Of course, with the vendor solution, we would only "rent" the online catalog. We would continue the annual ka-ching for the privilege of using their solution.

Alternative Catalog Format

Rebecca Q's picture

Hi Cynde,
We redesigned our website in Drupal about 2 years ago. We completely dispensed with a printed catalog several years ago, and only about 3 years ago did we also dispense with a PDF version. The course listing in our new catalog dynamically pulls in from our Prism database (people info and registration system). There is also an official "static" version of the course listing for historical purposes.
If we need to update policies or curriculum elements before the 2-year catalog "publishing" cycle, we add the changes to an Addendums page. Once the "new" catalog is launched, the previous catalog is archived and the new one is launched without the old addendums. I'm happy to tell you more/explain more detail, if you like.
Here is the link:

"Conversation, my dear lady, is where one plays with ideas. But one forges them quite alone." - Alexander Pope to the Lady Orlando


mercergirl's picture

I was wondering how you maintained an archive in Drupal, looks like you probably have an archived database of courses and you ported your drupal nodes to static html?


static and non-static

Rebecca Q's picture

Yes, we pulled the entire data set from our course database on the "publication" date for the current catalog and made them static, but also linked to the dynamic version outside of the catalog. That way, we have an official record of courses for the catalog archive for that biennium, along with access to a constantly updated listing for the current semester.

"Conversation, my dear lady, is where one plays with ideas. But one forges them quite alone." - Alexander Pope to the Lady Orlando


klezmer41's picture

Here's an implementation we did for the Polisci dept at UC Berkeley:

Drupal is a great platform for CMS in general, blogging/news/events, and also for any custom things including courses, CAS integration, access-control so that certain groups of people can log in and only edit their own profile, easily able to show all courses by professor X on their profile page, etc. On another departmental site we're pulling some data from external sources and auto-creating nodes, but not all departments want that.

Please let me know if we could be of help, we do a lot of EDU work. Also lots of migration from Drupal->Drupal and nonDrupal->Drupal, multi-language, multi-site, etc. Here's our portfolio:

Another course example

TimG1's picture

Hi Mercergirl,

I built the catalog for The University of Hawai‘i Law School about 2 years ago. You can view it here:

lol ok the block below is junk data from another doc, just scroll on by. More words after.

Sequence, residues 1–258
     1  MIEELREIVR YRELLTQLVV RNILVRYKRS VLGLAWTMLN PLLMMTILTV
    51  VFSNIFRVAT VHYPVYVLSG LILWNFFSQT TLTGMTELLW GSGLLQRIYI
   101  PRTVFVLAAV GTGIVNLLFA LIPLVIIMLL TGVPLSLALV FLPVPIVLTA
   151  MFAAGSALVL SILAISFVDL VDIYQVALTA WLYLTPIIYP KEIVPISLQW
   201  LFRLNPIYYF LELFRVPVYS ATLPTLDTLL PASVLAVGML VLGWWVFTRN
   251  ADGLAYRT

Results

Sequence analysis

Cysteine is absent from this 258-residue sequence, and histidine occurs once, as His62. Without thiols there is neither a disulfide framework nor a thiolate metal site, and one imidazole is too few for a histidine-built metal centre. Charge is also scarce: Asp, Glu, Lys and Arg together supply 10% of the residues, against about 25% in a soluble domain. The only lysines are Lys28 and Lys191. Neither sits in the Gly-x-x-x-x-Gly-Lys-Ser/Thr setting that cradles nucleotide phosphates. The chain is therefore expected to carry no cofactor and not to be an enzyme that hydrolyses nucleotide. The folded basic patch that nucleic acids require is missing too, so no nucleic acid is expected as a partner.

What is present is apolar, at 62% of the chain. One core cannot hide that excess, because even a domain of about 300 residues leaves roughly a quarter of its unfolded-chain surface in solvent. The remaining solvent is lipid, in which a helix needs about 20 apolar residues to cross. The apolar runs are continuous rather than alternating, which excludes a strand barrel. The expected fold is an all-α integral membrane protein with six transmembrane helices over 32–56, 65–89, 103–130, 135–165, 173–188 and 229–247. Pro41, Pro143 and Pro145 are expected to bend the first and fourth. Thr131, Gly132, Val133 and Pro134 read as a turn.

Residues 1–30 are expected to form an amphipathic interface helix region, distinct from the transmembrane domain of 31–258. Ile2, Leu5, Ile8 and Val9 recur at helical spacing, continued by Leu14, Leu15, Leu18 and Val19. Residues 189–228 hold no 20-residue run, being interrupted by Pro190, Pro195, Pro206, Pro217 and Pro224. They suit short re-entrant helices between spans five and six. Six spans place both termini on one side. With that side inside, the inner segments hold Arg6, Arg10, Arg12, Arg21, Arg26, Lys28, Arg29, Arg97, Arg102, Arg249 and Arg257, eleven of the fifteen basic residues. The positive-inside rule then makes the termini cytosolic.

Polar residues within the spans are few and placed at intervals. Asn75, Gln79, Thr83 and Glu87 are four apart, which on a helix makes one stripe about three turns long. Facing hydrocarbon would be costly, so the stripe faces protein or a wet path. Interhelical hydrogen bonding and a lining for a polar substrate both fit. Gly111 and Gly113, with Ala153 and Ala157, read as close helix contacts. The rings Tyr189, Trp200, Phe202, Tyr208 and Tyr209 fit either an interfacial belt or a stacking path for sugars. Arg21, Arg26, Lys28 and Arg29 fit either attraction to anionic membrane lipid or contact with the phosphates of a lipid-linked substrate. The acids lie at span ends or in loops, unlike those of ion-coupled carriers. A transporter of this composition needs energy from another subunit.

They hired me as an outside consultant and they have been a long term client of mine.

A "Class" is an instance of a "Course". Classes are related to Faculty Staff and Bios which appear on each course/class page. Example Class Page. If you're logged in, you can view past classes a faculty member taught on their individual profile pages. They wanted this list hidden. While on a class or course page if you scroll down you can browse all the past instances of the course that you're looking at.

There is also a textbooks list page. Which is related to a class. So, if a class has text books required, it they will appear on the class page. Example class page with textbooks.

If a student is logged in with their email, they will be able to download class syllabuses, past exams, and whatever other documents were associated to that past class. You need to be logged in to see this, so it's hidden.

Each class can also have exam dates with related exam files for studying & download. These require a login as well to view.

It's a very robust catalog and very customized for what the law school needed. It took the better part of a year to build. But that was with a D6>D7 upgrade, a responsive redesign, and a bunch of other features that I was building for the site. They enter all the data manually in Drupal since the main U. Hawaii system doesn't have an api providing all the data that they want & need.

Would be happy to chat more about what we built if you like. Feel free to reach out through my d.o. contact form or my website They both go to the same place.

All the best!

Robust, indeed

mercergirl's picture


That is a very robust solution and close to what I had in mind. If we go with a solution like this, it really blurs the lines between a website that offers course and class info and the catalog. That is a step our administrators and staff have to get over and I'm not sure we are ready. We'll just have to wait and see.

Thanks for sharing your site.

I hear you!

TimG1's picture


I hear you. The Law School was already on board with that idea. They had been doing some of this internally before I built this for them. They were hoping that the U. Hawaii System would offer a solution for them with the system-wide catalog. But they eventually took things into their own hands. Getting the right buy-in can be the most challenging part. It can definitely take some time.

Best of luck!